[40] The lordship of Disher and Toyer comprehended the lands on both sides of Loch Tay (with some exceptions), and likewise the rich valley of Glenlochay, lying between Glenlyon and Glendochart. Disher and Toyer are Gaelic; the former signifying a tract of country having a southern exposure, the latter a northern; and in this instance seem to be applied to the shores of Loch Tay, which runs nearly east and west. The district of Morar in Inverness-shire is divided into Disher and Toyer.

[41] Acts of the Parliament of Scotland, latest edition, vol ii, p208

[42] Mag Sig. Xii, 340

[43] Ibid, xiii, 282

[44] Record of the Crown Rents in the Reign of James IV.

[45] Mag Sig. Xiii, 539

[46] Ibid. xiii, 595, xiv, 462

[47] Ibid. xiv, 469

[48] Ibid. xvii, 69

[49] Latin manuscript by Sir James Macgregor, formerly mentioned

[50] Mag. Sig. Xiii, 539

[51] Latin Manuscript by Sir James Macgregor, formerly mentioned. The Lord High Treasurer’s Books contain the following entry under 12th October 1502, “Item to Robert Wallace, Messengeir, to pass in Stratherne to warne the Lordis of the countrie to pos to frei the Lard of Weyme quhen Neill Stewart segit him, viii s.” Some details of the damage done on this occasion will be found in a note appended to Sir James Macgregor’s MS printed in the Transactions of this Society, vol iii, part ii.

[52] Acts of the Parliament of Scotland, latest edition, vol ii, p 255b, 256a, under 4th June.

[53] Transcript of this Instrument, in Macfarlane’s Collections, Advocates Library, Edinburgh Diplomaticum Collectio, vol i.

[54] Mag. Sig. Xiv, 204. The person who burned the castle of Weyme, and who resigned Fortingal to the Earl of Huntly, was grandson to John and son to Neil Stewart of Fortingal.

[55] This Lady is omitted in both editions of Douglas’s Peerage.

[56] Acta Dominorum Concilii, in General Register House, Edinburgh, xxxiii, 185. [MS].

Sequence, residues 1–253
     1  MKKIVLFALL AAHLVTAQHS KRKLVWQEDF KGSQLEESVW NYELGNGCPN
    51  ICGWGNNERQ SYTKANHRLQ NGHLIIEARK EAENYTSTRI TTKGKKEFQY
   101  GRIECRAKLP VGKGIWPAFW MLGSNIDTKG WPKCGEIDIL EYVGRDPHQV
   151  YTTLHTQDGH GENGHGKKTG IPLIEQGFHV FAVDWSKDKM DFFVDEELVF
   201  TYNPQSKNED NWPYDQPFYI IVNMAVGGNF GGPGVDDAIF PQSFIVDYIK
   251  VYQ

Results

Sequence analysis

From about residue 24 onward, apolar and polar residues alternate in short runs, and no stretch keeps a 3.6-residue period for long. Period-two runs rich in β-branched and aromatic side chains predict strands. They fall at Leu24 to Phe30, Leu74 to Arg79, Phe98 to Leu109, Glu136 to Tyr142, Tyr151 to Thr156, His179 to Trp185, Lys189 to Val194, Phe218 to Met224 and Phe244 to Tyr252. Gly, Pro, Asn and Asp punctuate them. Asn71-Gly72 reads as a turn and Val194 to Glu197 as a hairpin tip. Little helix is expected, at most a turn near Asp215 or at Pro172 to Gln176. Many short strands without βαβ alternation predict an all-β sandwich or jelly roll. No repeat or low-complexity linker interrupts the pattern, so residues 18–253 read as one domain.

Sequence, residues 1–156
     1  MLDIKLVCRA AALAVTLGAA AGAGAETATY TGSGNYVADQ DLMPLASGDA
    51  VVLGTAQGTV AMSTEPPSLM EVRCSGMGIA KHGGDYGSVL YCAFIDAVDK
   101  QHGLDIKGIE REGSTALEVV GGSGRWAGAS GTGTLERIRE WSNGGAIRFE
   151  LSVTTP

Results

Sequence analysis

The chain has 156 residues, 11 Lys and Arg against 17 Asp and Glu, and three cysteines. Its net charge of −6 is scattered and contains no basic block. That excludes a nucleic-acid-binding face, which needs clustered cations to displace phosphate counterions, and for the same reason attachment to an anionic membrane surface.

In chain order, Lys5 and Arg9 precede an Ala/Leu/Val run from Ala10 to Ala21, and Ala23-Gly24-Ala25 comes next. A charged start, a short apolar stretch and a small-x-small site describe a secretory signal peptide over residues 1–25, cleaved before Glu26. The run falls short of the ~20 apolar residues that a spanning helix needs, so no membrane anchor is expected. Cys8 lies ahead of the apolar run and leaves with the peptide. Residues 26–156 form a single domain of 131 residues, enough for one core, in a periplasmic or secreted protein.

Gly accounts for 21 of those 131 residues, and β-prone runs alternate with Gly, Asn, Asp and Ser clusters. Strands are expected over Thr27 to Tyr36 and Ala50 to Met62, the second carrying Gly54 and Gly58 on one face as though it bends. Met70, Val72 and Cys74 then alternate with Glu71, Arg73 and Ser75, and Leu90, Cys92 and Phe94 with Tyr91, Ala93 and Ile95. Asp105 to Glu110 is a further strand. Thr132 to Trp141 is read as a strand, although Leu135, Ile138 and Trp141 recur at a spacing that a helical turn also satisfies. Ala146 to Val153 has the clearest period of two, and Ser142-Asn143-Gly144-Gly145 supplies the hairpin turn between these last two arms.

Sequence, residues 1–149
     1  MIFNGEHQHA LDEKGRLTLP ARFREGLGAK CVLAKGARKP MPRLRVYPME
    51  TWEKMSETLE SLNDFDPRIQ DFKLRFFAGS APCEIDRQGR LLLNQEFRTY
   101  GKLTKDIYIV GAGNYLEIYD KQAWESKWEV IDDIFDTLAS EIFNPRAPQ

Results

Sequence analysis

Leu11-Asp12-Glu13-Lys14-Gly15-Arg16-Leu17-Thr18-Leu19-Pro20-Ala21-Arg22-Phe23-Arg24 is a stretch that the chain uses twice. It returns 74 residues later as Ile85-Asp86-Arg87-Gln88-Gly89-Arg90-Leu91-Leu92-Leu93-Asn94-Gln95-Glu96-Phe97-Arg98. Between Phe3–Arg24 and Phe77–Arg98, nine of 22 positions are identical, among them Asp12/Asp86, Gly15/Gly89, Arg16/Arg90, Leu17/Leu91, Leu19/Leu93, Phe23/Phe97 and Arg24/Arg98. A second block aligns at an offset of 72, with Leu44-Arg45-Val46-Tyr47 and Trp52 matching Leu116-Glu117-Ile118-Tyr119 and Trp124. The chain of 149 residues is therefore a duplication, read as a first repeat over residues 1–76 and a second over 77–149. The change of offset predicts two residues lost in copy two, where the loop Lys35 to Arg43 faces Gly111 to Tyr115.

[57] Ibid, 2nd December 1530 and 12th December 1531.

[58] Record of Secret Council, anno 1584

[59] The Lairds of Glenurchy and Weyme, and the gentelemen of their families, are evidently the persons here alluded to.

[60] Transcript of this certificate, in the author’s possession.

[61] Acta Dominorum Concilii.

[62] Ibid, 4th December 1530

[63] This individual, in addition to the extensive estates inherited by him, acquired from the Laird of Macnab considerable lands in the lower part of Glendochat; and, at a later date added to his possessions the barony of Glenlochay in Breadalbane, comprehending a great portion of the ancient Lordship of Disher and Toyer. Mag Sig, xxxi, 181, xxxii, 486

[64] Record of the Privy Seal, xxxi, 52

[65] Record of Secret Council ad annum 1563. The commissioners and the districts over which they had control, were as follows: - The Earl of Moray in Braemar, Badenoch, Lochaber, Strathnairn and Strathdearn; the Earl of Argyle in Argyle, Lorn, Lennox, and Menteith; the Earl of Athole in Athole, Strathardill, Glenshee and Dunkeld; the Earl of Errol in Logyalmond; Lord Ogilvy in Brae of Angus; Lord Ruthven in Strathbrawin; Lord Drummond in Strathearn; Colin Campbell of Glenurchy in Breadalbane and Balquhidder; and John Grant of Freuchy (Laird of Grant) in Strathspey, Strathaven and Braes of Strathbogy.

[66] The Earls of Argyle and Athole. Record of Secret Council ad annum 1564.

[67] Record of Secret Council ad annum 1563

[68] Ibid, 1564

[69] Ibid, 1565

[70] Record of Secret Council, 1564. The tutor of Glennevis (Cameron) also assisted Glenurchy upon this occasion.

[71] Warrant preserved in the books of Adjournal, dated in June 1565..

[72] Record of Secret Council,  1566

[73] Admonition direct to the trew lordis.

[74] Acts of the Parliament of Scotland, latest edition, vol iii, p 218.

[75] Such is the definition of the technical word sorner.

[76] History of the family of Glenstray, in the Book of Taymouth.

[77] Glenstray lies to the north-west of Glenurchy, and between that valley and the mountainous ridge of Cruachan. At the mouth of the glen, and near to the Castle of Kilchurn, is Stronmelochan, the principal messuage, which occupies a very commanding station.

[78] Earl of Argyle’s Book of Casualties in the beginning of the 15th century. See also Sir James Macgregor’s Latin manuscript.

[79] Record of the Privy Seal, xxxvii, 107